Making the Original Sazerac with the Horse Inn
Sazerac: the official cocktail of Louisiana. If that prestigious title doesn’t make you the least bit curious about this whiskey cocktail, then maybe learning how to make it will. While we didn't get to go to NOLA to learn about this drink, we did travel to Lancaster City, Pennsylvania to visit the Horse Inn where we met with the bar manager, Benjamin Hash, who showed us how to make a Sazerac.
Much like a Sazerac, the Horse Inn leaves you with a warm and comforting feeling. During the Prohibition Era, the building’s second floor hayloft served as a speakeasy and is still used today as the restaurant’s dining and bar area. This 1920’s ambiance is something that the current owners, Matt and Starla Russell, have replicated well. The walls are decorated with vintage signs and the bar looks as if it was once in the Wild West thanks to the wagon wheel light fixtures and wooden barrel bar stools. The only “modern” element to the Horse Inn is their inventive seasonal menu that utilizes fresh and local ingredients. Even though we only got to spend a short amount of time at the Horse Inn, this building leaves you with a familiar feeling that has you longing to come back and try more of their craft cocktails and signature dishes.
The story begins in New Oreans in the 1830's where pharmacist and drug store owner Antoine Amedee Peychaud, also the creator of Peychaud’s bitters, would serve his guests toddies mixed with his bitters and Sazerac de Forge at Fils cognac. This concoction became so popular around town that a bar called Sazerac Coffee House began to buy Peychaud’s bitters and add it to a blend of Sazerac cognac, sugar, and absinthe, creating the famous cocktail. Over time, cognac was replaced with whiskey to form the Sazerac cocktail that many know and love today.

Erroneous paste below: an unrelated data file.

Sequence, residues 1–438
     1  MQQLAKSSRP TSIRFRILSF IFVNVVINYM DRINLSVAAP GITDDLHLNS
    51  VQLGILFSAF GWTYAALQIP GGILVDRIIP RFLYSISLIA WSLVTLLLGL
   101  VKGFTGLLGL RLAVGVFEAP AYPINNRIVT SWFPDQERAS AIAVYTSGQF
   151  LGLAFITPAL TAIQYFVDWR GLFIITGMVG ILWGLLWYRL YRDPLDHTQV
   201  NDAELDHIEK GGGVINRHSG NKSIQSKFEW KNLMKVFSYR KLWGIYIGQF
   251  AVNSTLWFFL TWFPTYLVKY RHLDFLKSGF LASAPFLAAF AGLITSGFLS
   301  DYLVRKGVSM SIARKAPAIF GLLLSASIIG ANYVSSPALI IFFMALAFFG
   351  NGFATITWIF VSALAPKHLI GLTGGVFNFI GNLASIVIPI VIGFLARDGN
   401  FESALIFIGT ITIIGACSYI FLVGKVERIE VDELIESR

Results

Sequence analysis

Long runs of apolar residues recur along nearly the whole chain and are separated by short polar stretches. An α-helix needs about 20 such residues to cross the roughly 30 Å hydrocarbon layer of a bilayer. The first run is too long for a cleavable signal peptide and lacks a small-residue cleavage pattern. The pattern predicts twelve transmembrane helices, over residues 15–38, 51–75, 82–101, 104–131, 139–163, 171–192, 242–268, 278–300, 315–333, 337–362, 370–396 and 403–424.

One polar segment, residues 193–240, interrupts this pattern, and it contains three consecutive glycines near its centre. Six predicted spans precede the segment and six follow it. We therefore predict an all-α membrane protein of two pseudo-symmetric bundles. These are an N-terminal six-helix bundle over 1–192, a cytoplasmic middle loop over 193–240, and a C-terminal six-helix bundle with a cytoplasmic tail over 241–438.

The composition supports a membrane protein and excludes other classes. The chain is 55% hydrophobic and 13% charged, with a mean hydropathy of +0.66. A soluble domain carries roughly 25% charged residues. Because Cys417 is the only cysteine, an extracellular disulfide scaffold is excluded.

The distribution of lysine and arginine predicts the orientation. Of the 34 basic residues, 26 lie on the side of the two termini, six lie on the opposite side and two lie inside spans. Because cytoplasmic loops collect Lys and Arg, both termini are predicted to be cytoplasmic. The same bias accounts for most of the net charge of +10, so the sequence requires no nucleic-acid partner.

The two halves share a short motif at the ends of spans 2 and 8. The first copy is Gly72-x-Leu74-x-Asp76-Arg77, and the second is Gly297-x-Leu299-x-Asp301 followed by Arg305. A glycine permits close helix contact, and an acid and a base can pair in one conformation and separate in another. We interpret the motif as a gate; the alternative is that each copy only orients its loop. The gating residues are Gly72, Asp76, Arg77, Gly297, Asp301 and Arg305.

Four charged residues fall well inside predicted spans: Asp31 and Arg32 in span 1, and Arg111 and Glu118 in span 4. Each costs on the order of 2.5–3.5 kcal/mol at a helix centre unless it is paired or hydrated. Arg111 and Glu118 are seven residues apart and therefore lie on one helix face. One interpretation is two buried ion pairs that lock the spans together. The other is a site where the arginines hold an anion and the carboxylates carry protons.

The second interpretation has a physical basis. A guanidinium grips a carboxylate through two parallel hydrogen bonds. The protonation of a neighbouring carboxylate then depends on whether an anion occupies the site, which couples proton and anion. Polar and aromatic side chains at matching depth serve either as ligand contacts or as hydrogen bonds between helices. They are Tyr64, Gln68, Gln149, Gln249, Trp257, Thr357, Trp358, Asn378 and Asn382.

How to Make a Sazerac
- 1/2 ounce simple syrup
- 7 dashes Peychaud's bitters
- 2 1/2 ounces rye whiskey
- Absinthe rinse
- Lemon peel
- Ice the rocks glass you'll be serving your Sazerac in.
- Add the simple syrup, Peychaud's bitters, and rye whiskey to your mixing glass.
- Add ice to the mixing glass with the ingredients, and mix with a stirrer.
- Remove ice from the rocks glass.
- Rinse the rocks glass with absinthe. In this video, a mister was used to disperse the absinthe. If you do not have a mister, then you can rinse your rocks glass by filling it with about a 1/2 ounce of absinthe, and swirling it around to coat the interior walls of the glass. Once the glass is coated, pour out the remaining absinthe.
- Pour your mixed ingredients into the rocks glass using a cocktail strainer.
- Peel the skin from the lemon.
- Express the lemon peel over the rocks glass. Then, rim the glass with the juice from the lemon peel.
- Garnish your finished drink with the lemon peel and serve.
For this cocktail recipe, Hash created his own simple syrup by using maple syrup in place of processed sugar to replicate the flavor of the original Sazerac back in the 1830's.